the first time that he wins some price. Already
in 2000, he
solved Corner Problem 2000-4 from Mandelbrot
Competition. But what is more important, in June this year
he was also on of the five winners
of USA Physics Olympiad Team. There it says about him:
Junior, Roxbury Latin School, Boston, Massachusetts.
Steven is a mathematic scholar, plays blues and jazz piano,
sings, and is a member of the cross-country team.
Steven lives in Lexington, Massachusetts. The site
also gives a more extensive
See also this page which has a
picture of him.
Another picture can be found in an
ASP news item. I think we will hear more about
him in the coming years.
I still haven't found anything on the theorem and
the proof of it. Apparently, this is not a very
interesting subject for the general public.
Today, I came across
some pages presenting algorithms for inpainting damaged spots
on pictures. One of the pages also showed how the technique
can be used to enlarge pictures and still make them look
sharp, just like the S-Spline program. Actually,
these techniques could also be used for image compression.
It simply comes down to picking a number of points that
together with the reconstruction algorith would reproduce
the original images with the desired quality. Finding the
minimal set of points is a very complex problem, but I expect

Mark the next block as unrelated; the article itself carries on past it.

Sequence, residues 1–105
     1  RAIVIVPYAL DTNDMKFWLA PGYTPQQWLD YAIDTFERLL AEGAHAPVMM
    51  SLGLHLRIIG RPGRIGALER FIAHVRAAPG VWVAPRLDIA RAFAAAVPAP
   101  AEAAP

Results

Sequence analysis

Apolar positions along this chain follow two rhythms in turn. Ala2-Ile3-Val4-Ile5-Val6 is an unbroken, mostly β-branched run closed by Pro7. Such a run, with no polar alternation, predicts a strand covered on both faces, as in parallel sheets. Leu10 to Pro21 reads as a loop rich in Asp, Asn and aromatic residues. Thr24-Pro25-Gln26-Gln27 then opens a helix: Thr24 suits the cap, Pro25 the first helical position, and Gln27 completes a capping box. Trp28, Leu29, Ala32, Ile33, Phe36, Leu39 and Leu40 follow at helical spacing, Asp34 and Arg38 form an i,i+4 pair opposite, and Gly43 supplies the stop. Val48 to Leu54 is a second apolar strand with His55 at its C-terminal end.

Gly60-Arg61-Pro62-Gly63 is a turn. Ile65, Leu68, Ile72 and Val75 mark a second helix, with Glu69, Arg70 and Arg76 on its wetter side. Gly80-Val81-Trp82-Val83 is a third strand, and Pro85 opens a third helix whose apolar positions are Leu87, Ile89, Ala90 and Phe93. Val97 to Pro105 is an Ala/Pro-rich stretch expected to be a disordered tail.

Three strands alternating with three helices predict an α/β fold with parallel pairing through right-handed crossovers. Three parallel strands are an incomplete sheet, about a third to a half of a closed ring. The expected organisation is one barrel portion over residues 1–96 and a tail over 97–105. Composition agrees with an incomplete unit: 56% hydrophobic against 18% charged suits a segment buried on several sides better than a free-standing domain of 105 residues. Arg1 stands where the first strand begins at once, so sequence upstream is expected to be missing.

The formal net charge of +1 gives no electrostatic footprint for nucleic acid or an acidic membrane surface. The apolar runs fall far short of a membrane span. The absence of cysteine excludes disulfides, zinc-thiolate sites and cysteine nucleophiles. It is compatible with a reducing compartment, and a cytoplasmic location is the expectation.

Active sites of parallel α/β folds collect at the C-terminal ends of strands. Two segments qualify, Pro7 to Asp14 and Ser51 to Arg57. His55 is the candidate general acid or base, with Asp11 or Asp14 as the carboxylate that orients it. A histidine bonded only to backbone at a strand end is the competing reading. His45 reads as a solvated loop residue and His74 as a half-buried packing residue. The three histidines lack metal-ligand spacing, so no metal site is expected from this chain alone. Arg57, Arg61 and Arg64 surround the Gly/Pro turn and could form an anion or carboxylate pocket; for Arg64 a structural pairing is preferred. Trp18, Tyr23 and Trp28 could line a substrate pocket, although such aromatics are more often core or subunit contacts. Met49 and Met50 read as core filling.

that some heuristic algorithms could come up with a solution
close to optimal solution. Still decompression is rather
expensive with this technique, much more expensive than
currently used decompression methods. It is also likely that
the algorithms described here will be used as a post-processing
step for currently used decompression algorithms.
Today, I read a story about MorphOS.
This talks about microkernel versus macro kernel. Most PC are using
the x86 type of processor of which the Pentium 4 is the last version
in a long line of processors which were backwards compatable. Backwards
compatibility is needed to still be able to run programs that worked
on the previous version. Virtual memory management was only added in
the 80286 (if I am not mistaken). But because backwards compatibility
was required, context switches became rather expensive. The PowerPC
was designed with virtual memory management from the start. For this
reason, context switches are much faster. Context switches make communication
between processes slower. For this reason, operating systems deployed
on x86 processors (such as Windows and Linux) implement the whole
operating systems as a single process. They make use of a macro kernel.
You could also divide the kernel up into many smaller processes. This
leads to microkernels, where there is one very small process surrounded
by a host of processes which do the real work. The small process (the